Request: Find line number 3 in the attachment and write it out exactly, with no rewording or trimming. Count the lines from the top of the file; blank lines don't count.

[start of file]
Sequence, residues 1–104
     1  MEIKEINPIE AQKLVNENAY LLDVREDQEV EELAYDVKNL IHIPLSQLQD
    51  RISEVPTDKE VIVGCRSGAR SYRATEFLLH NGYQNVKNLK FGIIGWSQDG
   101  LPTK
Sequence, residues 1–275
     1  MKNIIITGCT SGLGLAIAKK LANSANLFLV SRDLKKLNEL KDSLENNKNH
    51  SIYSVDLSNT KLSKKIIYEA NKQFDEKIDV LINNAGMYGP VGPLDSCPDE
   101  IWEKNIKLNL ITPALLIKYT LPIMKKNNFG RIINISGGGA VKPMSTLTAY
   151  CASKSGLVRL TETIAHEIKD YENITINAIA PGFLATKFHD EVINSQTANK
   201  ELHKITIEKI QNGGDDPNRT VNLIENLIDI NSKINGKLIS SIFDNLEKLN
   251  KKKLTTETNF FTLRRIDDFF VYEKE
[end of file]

    51  RISEVPTDKE VIVGCRSGAR SYRATEFLLH NGYQNVKNLK FGIIGWSQDG